Last night, I had the opportunity to speak on a panel on social media & employment law for the Connecticut Bar Association and the Connecticut Employment Lawyers Association. (My thanks to both groups for the invitation).
It was an enjoyable event. We talked about seeking social media evidence in discovery, the impact of GINA and the ADA on social media usage, and about attorneys need to really educate clients about the use of social media, particularly if they are a party to a lawsuit.
But I’ll be honest. I was most interested to hear what NLRB Regional Director Jonathan Kreisberg had to say. After all, it was his office that brought the so-called "Facebook Firing" case (which seems a misnomer because there are numerous such cases now) against AMR.
And he didn’t disappoint. There is much to write about but I’m going to focus on just two items in today’s post. (More tomorrow).
First, he indicated that the NLRB General Counsel had authorized offices to begin to bring complaints that challenge the Register-Guard decision. (For a full background on the case, see my December 2007 post here.) That case held that an employer could restrict employees from using company e-mail for non-job-related solicitations. Kreisberg indicated that the case was ripe to be overturned before the new NLRB board and that this was an issue to watch in the upcoming months (though a final court decision could take significantly longer).
This could have significant ramifications for employers not simply on e-mail, but also for social media usage as well. Could the NLRB come out with a decision that allows employees to use company-owned computers to solicit on Facebook during work time? We’ll see.
Second, he emphasized that the AMR case (which settled) is, in his view, not very different from other traditional cases which allow employees to engage in "protected concerted activity", particularly off-site and outside work hours. He suggested that the "protection" that employees receive is exceedingly broad outside the workplace. He went on to say that even "name-calling" would get some protections and that the NLRB took the position that the employee’s comments here fell within the type of comments that are otherwise protected.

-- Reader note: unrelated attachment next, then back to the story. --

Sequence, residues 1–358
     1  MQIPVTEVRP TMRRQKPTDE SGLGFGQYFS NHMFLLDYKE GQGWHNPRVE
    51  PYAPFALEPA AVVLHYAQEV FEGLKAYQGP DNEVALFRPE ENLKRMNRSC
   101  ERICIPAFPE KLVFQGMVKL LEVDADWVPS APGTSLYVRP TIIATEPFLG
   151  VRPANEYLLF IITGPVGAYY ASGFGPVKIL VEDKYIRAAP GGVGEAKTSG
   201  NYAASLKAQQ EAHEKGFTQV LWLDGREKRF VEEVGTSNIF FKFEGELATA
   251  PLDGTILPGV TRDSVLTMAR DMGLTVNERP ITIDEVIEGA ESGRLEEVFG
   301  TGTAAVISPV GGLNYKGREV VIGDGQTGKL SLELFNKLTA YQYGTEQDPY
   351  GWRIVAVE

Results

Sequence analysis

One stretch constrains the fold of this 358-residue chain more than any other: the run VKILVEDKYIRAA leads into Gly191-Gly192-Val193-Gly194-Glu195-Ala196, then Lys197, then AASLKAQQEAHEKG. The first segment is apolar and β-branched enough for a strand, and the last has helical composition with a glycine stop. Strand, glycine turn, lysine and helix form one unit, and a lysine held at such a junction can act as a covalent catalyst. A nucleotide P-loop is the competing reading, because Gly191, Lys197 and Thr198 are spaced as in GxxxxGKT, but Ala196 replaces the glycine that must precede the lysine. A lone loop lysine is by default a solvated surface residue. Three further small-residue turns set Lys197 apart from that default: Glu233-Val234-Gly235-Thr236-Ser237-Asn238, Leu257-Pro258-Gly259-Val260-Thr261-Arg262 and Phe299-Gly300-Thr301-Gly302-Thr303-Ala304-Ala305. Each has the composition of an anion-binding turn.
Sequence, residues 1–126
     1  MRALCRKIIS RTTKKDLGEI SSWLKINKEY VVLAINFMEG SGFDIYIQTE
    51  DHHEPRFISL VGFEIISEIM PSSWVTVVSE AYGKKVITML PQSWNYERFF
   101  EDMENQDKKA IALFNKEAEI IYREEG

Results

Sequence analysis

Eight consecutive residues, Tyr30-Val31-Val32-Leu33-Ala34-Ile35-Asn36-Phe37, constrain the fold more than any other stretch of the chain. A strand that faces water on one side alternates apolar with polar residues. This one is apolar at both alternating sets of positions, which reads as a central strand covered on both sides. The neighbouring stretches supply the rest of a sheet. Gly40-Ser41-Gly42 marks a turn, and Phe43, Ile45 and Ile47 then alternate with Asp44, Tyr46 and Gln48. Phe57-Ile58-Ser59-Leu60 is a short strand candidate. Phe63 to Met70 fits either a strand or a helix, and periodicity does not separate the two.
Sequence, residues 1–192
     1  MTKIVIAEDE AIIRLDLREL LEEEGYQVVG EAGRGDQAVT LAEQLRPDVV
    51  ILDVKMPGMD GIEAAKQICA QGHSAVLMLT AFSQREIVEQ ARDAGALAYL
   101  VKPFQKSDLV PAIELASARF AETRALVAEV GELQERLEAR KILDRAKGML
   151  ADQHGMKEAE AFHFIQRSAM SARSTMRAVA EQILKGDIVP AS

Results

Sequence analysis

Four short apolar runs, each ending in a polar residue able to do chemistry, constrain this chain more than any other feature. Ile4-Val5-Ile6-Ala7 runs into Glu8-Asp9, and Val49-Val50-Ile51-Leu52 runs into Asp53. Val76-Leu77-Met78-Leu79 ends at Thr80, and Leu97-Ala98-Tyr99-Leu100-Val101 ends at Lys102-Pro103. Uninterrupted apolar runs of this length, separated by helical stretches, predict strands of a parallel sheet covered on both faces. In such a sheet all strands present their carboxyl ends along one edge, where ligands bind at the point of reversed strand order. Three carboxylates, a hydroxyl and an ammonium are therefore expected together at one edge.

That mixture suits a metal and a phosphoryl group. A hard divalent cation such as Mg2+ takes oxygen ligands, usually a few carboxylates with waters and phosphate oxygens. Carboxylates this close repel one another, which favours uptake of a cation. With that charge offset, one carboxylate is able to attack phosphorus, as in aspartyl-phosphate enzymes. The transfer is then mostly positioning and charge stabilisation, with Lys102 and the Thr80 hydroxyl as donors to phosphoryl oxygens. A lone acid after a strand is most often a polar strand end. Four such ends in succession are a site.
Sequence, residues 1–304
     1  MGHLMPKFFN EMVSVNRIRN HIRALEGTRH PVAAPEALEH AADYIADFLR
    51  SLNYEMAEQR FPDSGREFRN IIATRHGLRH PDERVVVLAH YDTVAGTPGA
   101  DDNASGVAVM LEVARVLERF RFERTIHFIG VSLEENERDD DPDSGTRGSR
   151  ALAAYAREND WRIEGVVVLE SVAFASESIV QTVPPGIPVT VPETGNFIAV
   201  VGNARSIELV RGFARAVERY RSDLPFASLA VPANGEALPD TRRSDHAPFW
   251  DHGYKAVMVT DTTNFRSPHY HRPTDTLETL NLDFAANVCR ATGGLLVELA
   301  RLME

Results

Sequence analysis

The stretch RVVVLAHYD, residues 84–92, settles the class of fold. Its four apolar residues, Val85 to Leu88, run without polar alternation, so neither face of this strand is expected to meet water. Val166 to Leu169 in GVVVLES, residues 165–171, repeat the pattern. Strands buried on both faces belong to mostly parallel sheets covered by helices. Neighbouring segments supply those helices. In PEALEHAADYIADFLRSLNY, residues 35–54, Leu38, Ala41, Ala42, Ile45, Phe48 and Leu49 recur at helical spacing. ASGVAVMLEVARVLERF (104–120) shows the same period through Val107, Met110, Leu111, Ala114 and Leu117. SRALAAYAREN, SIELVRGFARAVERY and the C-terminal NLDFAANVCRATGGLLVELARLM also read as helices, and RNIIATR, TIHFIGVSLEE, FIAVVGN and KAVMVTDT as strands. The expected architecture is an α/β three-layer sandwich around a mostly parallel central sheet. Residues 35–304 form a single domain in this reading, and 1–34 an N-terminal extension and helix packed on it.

But there is a caveat and a limit to the NLRB’s reach. First, if an employee uses social media with people OTHER than co-workers, that actions may not be protected. Second, while the NLRB takes the view that this covers employees (unionized or not) that may potentially be covered by the NLRA, it would not apply to management-level employees. Thus, the manager who tweets that he hates the working conditions may not get the protection that the NLRB wants to give to lower-level employees
In tomorrow’s post, I’ll discuss personnel policies and how some language you might have in your employee handbook could be objectionable to the NLRB.